An environmental non-profit group is targeting five more California finishing operations with alleged violations of the state’s safe drinking act.

The Center for Environmental Health (CEH) based in Oakland sent legal notices to five metal plating facilities on June 12 in Los Angeles County, claiming the facilities are discharging toxic PFAS chemicals into groundwater.

The facilities are:

  • Alloy Processing / Precision Castparts at 1900 West Walnut Street in Anaheim.
  • Bowman Plating at 2613 E 126th Street in Compton.
  • Coast Plating / Valence Los Angeles at 417 164th Street in Carson.
  • Moog Specialized Systems at 20263 S Western Avenue in Torrance
  • Universal Metal Plating at 1526 W 1st Street in Azusa.

This action comes on the heels of CEH filing legal notices in May against Bay Area finishers Electro-Coatings of California and Teikuro Corporation.

The CEH filed “60-Day Legal Notices” against all the shops under the California Safe Drinking Water and Toxic Enforcement Act of 1986, or Prop 65. The state law allows any person suing “in the public interest” to enforce Proposition 65; California calls these parties “private enforcers,” and the Attorney General may include themselves in the case and any possible litigation.

The group alleges the shops discharged perfluorooctane sulfonate (PFOS) and perfluorooctanoic acid (PFOA) higher than EPA’s new proposed drinking water ‎standard of 4 parts per trillion.

The CEH says it is targeting manufacturers that it alleges violated Prop 65 that are in low-income areas. The 27-year-old organization says it is looking at facilities that violate safe water drinking laws across the U.S.

“Indigenous communities and communities of color have for centuries brought attention to the importance of our collective waters and how they contribute to healthy and thriving ecosystems and people,” says Kaya Allan Sugerman, Director of Illegal Toxic Threats at CEH. “Grassroots leaders responding to PFAS drinking water contamination – from North Carolina to California, to Hawaiʻi – remind us that ‘Water is life.’ State and federal agencies must treat these toxic chemical exposure issues like our lives depend upon it because they do.”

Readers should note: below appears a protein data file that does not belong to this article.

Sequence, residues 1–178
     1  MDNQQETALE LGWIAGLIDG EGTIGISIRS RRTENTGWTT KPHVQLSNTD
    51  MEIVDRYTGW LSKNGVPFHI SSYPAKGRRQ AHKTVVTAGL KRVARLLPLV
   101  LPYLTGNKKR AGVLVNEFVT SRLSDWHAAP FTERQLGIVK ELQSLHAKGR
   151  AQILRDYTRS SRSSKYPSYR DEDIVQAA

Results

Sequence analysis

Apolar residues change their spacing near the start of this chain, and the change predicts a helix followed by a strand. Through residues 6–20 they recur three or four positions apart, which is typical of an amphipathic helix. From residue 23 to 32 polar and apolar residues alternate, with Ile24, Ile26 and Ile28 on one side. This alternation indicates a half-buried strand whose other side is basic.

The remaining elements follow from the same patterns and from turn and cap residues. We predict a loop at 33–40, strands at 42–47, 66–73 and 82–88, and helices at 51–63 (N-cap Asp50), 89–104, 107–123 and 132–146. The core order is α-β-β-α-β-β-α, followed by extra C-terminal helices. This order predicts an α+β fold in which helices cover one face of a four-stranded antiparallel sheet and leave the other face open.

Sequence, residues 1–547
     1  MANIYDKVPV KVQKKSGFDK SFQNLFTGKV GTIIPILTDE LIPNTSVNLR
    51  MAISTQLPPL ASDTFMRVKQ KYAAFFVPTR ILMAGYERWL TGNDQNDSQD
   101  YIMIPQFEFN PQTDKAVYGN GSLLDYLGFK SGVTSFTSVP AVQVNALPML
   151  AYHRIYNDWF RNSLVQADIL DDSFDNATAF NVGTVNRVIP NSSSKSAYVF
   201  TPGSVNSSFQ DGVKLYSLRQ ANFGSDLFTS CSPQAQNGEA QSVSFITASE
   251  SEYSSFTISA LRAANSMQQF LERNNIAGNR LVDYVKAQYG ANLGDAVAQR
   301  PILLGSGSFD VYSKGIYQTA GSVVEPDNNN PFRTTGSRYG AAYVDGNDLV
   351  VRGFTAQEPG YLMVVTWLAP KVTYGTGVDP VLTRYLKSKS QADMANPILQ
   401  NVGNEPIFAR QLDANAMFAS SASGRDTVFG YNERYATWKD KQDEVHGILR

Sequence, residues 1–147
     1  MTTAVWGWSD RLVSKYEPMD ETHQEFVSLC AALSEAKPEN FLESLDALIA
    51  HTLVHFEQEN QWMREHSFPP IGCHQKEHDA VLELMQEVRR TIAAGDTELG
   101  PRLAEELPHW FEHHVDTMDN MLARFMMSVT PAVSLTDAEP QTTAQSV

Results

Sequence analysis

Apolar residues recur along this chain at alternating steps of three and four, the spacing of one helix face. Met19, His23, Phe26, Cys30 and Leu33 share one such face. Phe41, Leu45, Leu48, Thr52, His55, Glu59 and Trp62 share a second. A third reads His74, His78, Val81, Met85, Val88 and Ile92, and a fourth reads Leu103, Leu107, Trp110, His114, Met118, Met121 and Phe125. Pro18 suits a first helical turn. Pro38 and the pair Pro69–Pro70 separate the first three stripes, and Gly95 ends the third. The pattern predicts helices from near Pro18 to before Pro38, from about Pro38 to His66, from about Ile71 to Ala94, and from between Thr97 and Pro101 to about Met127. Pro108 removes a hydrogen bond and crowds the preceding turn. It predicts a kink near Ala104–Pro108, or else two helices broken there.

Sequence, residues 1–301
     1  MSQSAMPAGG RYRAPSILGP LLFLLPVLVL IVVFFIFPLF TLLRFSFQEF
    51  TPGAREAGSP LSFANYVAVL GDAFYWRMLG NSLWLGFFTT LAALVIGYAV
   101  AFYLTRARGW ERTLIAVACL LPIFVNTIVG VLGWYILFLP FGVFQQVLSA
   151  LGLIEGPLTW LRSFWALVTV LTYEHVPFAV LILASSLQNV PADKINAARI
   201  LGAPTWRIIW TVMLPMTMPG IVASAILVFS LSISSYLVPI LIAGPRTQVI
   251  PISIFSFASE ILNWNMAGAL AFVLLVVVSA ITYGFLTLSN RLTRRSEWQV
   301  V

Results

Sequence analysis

Enforcement of Prop 65 violations is carried out through civil lawsuits brought by the California Attorney General or by a district attorney or city attorney of a city with a population exceeding 750,000. Private parties acting in the public interest — which includes groups such as CEH — can also bring Prop 65 lawsuits, but only if they have provided at least 60 days' notice of the alleged violation to the business.

In the CEH notifications, the group is asking each of the facilities to:

  • Immediately abate the threat of additional PFOS discharges;
  • Clean the groundwater surrounding the Facility to remove the PFOS as well as from the soil surrounding the Facility; and 
  • Pay an appropriate civil penalty based on the factors enumerated in California Health and Safety Code Section 25249.7(b).

If the CEH reaches a settlement with each shop, they must gain approval from the California Attorney General.